Expanding Role of Type II Secretion in Bacterial Pathogenesis and Beyond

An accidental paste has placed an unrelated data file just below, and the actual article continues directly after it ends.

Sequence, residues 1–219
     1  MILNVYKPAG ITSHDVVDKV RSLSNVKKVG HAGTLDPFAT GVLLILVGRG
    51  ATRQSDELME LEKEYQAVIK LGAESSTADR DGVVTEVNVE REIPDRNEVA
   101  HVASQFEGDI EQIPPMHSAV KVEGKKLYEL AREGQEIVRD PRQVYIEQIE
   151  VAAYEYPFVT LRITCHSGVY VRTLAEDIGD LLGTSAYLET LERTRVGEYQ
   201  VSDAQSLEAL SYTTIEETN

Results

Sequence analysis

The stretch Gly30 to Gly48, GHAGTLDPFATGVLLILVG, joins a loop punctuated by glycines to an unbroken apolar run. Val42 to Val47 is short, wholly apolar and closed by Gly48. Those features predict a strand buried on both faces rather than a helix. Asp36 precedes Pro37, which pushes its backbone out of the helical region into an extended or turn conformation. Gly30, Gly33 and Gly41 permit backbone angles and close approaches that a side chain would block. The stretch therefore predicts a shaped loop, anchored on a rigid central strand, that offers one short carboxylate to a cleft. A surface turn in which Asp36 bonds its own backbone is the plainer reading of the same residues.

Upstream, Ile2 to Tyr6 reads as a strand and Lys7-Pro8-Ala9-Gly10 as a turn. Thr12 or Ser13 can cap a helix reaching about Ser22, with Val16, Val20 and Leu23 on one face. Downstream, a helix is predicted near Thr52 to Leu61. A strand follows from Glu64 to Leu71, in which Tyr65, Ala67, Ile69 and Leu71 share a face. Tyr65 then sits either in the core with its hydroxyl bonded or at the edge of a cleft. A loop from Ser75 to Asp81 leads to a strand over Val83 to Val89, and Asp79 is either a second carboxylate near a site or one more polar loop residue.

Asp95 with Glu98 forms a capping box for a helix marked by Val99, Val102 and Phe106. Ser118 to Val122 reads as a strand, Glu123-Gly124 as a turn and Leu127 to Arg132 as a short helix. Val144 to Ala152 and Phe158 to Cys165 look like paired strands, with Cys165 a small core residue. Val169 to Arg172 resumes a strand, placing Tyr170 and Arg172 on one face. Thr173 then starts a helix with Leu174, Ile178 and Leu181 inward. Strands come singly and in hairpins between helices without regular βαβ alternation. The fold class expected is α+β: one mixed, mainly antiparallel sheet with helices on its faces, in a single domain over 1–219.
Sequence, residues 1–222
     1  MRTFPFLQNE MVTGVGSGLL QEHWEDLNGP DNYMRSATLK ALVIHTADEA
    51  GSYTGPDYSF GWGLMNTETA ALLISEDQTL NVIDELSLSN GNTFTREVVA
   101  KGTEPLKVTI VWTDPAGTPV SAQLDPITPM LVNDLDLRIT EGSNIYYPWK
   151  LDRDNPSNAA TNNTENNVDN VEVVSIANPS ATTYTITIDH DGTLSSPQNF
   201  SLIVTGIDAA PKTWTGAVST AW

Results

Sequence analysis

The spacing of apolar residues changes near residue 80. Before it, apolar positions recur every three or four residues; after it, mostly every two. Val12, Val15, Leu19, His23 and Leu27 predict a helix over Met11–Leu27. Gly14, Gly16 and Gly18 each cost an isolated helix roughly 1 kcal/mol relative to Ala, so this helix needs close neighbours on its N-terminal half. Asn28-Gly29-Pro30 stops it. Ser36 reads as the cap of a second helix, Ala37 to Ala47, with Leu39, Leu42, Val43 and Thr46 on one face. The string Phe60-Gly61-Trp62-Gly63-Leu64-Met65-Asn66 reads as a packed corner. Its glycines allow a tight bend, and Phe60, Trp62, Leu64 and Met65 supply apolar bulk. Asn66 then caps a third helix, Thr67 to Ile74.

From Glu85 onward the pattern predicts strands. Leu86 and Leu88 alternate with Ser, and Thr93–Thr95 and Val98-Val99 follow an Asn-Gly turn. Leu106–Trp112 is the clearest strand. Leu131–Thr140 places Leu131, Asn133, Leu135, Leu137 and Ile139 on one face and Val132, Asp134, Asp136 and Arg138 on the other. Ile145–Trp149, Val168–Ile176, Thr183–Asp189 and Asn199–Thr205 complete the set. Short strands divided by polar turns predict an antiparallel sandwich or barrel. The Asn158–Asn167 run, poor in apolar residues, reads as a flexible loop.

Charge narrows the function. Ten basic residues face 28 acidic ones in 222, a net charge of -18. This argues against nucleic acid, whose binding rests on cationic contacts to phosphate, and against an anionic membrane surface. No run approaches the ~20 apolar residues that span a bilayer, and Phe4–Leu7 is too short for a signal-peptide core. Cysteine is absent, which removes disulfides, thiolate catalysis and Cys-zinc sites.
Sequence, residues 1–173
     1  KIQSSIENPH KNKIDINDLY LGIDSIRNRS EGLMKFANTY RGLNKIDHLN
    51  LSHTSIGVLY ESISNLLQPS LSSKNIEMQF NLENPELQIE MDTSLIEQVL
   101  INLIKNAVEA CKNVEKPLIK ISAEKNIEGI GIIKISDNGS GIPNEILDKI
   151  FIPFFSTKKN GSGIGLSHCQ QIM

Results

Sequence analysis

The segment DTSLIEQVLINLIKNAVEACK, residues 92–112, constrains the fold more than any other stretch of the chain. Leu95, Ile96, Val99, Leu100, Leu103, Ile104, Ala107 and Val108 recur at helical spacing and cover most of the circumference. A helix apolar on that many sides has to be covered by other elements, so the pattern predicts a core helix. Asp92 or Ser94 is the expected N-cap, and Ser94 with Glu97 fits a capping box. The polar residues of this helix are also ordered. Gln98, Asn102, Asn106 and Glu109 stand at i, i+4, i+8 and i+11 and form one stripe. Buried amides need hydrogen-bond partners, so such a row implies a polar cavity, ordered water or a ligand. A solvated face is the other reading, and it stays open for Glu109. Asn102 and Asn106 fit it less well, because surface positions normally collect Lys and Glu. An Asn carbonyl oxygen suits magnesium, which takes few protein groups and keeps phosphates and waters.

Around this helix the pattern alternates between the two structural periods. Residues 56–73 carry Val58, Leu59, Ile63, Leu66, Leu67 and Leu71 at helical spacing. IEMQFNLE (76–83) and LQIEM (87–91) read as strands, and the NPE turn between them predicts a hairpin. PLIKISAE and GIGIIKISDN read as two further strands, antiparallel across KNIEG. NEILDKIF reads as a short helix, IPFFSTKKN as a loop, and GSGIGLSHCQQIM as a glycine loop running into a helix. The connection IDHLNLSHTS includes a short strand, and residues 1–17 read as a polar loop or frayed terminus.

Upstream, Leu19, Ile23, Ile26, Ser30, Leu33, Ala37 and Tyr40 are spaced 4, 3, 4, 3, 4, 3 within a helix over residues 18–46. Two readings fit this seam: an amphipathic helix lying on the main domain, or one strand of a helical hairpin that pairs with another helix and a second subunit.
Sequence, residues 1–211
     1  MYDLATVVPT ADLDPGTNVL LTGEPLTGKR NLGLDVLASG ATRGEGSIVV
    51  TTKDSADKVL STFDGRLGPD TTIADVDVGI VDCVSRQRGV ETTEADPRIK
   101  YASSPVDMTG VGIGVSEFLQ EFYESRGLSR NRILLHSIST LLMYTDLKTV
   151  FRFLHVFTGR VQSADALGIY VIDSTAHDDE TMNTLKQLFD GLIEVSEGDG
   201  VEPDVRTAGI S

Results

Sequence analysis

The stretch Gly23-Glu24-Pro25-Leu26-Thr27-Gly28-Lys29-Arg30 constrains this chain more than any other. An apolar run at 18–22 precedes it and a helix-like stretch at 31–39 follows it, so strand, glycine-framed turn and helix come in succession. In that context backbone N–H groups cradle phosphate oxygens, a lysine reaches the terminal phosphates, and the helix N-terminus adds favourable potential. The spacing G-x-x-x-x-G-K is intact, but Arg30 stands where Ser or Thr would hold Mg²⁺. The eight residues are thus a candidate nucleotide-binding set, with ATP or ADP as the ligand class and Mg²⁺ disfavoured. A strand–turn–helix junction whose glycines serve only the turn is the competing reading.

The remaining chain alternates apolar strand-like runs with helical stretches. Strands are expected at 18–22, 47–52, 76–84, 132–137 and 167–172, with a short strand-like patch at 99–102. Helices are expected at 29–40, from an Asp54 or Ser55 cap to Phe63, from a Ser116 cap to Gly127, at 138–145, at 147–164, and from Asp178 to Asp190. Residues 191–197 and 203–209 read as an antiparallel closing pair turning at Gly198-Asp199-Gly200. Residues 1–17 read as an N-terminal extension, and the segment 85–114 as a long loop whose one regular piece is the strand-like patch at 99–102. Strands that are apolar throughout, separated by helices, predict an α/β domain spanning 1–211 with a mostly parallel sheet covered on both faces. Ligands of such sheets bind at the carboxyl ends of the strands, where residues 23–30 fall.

Type II secretion (T2S) is one means by which Gram-negative pathogens secrete proteins into the extracellular milieu and/or host organisms. Based upon recent genome sequencing, it is clear that T2S is largely restricted to the Proteobacteria, occurring in many, but not all, genera in the Alphaproteobacteria, Betaproteobacteria, Gammaproteobacteria, and Deltaproteobacteria classes. Prominent human and/or animal pathogens that express a T2S system(s) include Acinetobacter baumannii, Burkholderia pseudomallei, Chlamydia trachomatis, Escherichia coli, Klebsiella pneumoniae, Legionella pneumophila, Pseudomonas aeruginosa, Stenotrophomonas maltophilia, Vibrio cholerae, and Yersinia enterocolitica. T2S-expressing plant pathogens include Dickeya dadantii, Erwinia amyiovora, Pectobacterium carotovorum, Ralstonia solanacearum, Xanthomonas campestris, Xanthomonas oryzae, and Xylella fastidiosa. T2S also occurs in nonpathogenic bacteria, facilitating symbioses, among other things. The output of a T2S system can range from only one to dozens of secreted proteins, encompassing a diverse array of toxins, degradative enzymes, and other effectors, including novel proteins. Pathogenic processes mediated by T2S include the death of host cells, degradation of tissue, suppression of innate immunity, adherence to host surfaces, biofilm formation, invasion into and growth within host cells, nutrient assimilation, and alterations in host ion flux. The reach of T2S is perhaps best illustrated by those bacteria that clearly use it for both environmental survival and virulence; e.g., L. pneumophila employs T2S for infection of amoebae, growth within lung cells, dampening of cytokines, and tissue destruction. This minireview provides an update on the types of bacteria that have T2S, the kinds of proteins that are secreted via T2S, and how T2S substrates promote infection.